Anthem Statement D1 Preamp-Processor & Statement P5 Power Amplifier Page 3
The good listening continued when I added the D1 to the P5, and the combination—not surprisingly—functioned perfectly together. But I did have some problems with early versions of the D1's software. Version 1.0 frequently (though not always) produced a loud click when making menu selections or skipping chapters on DVDs. Version 1.05 would not image properly on 2-channel material; centrally placed vocalists were shifted to the right, and tweaking the balance control would not cure the problem. Version 1.10, however, had neither quirk, and all the observations that follow were made with that version of the software.
In my system, the Anthem combo proved quite sensitive to the balance between the main speakers and the subwoofer. It took only a couple of dB of excess subwoofer output to change the sound from open, punchy, and dynamic to a little too slow and fat. Fortunately, the D1 provides 0.5dB steps in all of its level adjustments; many competitors still offer only 1dB increments. While 1dB steps are adequate, I find them a little coarse for a high-resolution system. And I actually prefer the finer resolution of 0.1dB steps, but that's just a reviewer thing (for facilitating level matching and such). To my knowledge, only a few products in the marketplace (most of them from Mark Levinson) offer 0.1dB level adjustments, and not enough of them offer 0.5dB steps.
Once the system was dialed-in for best performance with a subwoofer, the Anthem combination sailed through 2-channel music. Voices had just the right degree of warmth, bass was startlingly powerful, the top end was silky sweet and detailed, and the overall timbre was nearly ideal. (Like all audiophiles, I still search for the perfect timbre and balance.) Depending on the program material, imaging and depth were equal to or better than the best I've yet heard in my current home theater room. The system wasn't always happy with overbright or edgy recordings, but with well-balanced sources, it sang.
Compared to the Sony STR-DA9000ES receiver, the Anthem combo's marginally richer, warmer midbass, together with its slightly sweeter top end, earned it the nod over the Sony overall. The Anthems also were slightly less forward, providing a subtly better rendition of depth. The differences were not immediately obvious, however, particularly on soundtracks, and the Sony remains an impressive performer overall.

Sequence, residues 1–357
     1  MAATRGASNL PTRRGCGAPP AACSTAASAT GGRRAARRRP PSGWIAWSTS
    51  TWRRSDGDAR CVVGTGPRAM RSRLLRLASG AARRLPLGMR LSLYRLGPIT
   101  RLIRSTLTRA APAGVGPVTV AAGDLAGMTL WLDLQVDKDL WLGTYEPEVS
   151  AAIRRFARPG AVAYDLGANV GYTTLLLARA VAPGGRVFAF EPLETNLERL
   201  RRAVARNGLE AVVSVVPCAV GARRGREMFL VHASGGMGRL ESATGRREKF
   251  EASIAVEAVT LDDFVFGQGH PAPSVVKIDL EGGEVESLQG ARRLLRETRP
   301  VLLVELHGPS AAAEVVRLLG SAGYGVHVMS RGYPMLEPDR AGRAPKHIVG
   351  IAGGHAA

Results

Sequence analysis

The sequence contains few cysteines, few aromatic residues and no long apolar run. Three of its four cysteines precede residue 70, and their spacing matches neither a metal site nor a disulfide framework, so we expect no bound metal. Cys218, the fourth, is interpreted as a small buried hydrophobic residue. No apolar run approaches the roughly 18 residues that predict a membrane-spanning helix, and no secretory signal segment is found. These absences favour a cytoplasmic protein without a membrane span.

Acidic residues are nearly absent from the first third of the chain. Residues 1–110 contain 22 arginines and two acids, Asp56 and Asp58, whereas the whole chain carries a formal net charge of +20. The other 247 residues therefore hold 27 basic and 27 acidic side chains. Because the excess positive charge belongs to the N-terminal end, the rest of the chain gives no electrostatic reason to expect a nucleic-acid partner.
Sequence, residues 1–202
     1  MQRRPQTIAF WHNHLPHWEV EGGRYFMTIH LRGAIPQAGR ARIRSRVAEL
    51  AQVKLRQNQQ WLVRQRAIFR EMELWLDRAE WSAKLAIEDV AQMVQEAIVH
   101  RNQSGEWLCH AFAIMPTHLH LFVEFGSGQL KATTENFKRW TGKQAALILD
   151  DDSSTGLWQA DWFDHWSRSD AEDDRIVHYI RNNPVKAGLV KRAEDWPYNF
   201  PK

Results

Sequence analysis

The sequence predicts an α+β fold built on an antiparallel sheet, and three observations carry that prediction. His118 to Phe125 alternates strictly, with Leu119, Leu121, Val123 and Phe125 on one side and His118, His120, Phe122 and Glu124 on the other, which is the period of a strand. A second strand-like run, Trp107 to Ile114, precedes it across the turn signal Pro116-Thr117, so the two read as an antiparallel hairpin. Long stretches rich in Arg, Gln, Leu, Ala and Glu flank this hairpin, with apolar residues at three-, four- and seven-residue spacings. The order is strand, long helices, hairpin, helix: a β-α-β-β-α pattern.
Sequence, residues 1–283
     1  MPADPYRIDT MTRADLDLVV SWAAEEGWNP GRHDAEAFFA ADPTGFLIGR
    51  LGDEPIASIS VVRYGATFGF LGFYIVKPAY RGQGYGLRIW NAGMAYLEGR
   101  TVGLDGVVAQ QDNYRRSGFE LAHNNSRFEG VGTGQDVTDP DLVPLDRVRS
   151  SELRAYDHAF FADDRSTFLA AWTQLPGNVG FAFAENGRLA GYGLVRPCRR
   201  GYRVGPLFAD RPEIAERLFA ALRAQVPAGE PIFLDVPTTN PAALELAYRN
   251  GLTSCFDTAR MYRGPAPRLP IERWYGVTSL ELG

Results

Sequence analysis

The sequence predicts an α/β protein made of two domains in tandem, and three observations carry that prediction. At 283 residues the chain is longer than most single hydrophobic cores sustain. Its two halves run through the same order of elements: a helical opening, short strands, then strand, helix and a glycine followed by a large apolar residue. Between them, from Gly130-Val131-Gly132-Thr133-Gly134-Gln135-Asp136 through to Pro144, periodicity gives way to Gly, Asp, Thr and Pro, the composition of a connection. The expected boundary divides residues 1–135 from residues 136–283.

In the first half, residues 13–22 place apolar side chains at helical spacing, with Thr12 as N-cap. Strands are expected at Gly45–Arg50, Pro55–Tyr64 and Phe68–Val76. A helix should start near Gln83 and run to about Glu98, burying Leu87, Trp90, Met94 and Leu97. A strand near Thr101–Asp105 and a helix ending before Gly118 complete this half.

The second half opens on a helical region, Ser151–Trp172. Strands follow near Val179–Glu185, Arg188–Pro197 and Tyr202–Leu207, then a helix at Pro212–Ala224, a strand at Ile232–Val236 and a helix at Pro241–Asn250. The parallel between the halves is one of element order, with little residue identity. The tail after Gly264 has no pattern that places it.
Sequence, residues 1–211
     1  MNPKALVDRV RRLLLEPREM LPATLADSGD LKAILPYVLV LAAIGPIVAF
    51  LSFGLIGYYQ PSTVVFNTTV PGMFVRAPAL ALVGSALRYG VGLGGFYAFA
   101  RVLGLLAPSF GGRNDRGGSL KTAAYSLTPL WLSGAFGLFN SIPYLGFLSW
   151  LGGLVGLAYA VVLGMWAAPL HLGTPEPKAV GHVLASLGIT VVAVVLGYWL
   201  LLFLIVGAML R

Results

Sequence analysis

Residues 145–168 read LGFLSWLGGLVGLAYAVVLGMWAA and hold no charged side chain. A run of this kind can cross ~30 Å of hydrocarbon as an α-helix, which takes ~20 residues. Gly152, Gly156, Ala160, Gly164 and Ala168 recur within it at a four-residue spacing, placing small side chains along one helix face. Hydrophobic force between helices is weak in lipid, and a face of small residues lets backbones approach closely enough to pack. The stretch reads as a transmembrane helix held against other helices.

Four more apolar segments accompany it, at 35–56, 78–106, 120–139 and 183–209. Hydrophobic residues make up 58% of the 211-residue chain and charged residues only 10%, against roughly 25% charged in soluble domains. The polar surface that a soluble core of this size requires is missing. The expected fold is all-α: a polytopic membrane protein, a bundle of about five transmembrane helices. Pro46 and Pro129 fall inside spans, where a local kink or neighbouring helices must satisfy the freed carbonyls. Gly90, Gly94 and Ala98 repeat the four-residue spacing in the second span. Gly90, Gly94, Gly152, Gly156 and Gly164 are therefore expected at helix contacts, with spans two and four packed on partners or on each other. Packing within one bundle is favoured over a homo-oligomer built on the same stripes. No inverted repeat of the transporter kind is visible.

I also tried the Anthem's multichannel simulation modes in my 5.1-channel setup, primarily Pro Logic IIx and AnthemLogic. I was particularly impressed by AnthemLogic. It added a subtle ambience without degrading the front two channels. Depending on the recording, I also sometimes preferred AnthemLogic Cinema to AnthemLogic Music. The primary difference between the two is that AnthemLogic Cinema engages the center channel, while the Music version does not. Your preference will depend not only on the program material, but also on the quality of your center-channel speaker and how well-matched it is to your left and right fronts. I actually preferred AnthemLogic Cinema to straight 2-channel playback on some material. It not only offered a more stable image but, surprisingly, a noticeably smoother, more fluid sound on centered voices and instruments.
Putting it All Together
Considering how well it performed on music, I wasn't surprised to find that the D1-P5 combination also did a spectacular job with 5.1-channel movie soundtracks. Or, I should say, it moved out of the way and let the soundtracks speak for themselves, limited only by the rest of the system. I've recently been making extensive use of the remake of Flight of the Phoenix as a reference for both audio and DVD picture quality. This truly awesome soundtrack was one of the best sound mixes of 2004, and the Anthems did not disappoint with it. The swirling sandstorm in the film's seminal crash sequence surrounded me, its low frequency rumble (combined with the roar of the plane's engines) certainly made me think twice about adding a flight over the Gobi desert in a decrepit C-119 to my vacation plans. And in the closing sequence, combining a roaring engine, gunfire, and music in a potent mix, the Anthems ramped up the excitement to a fever pitch.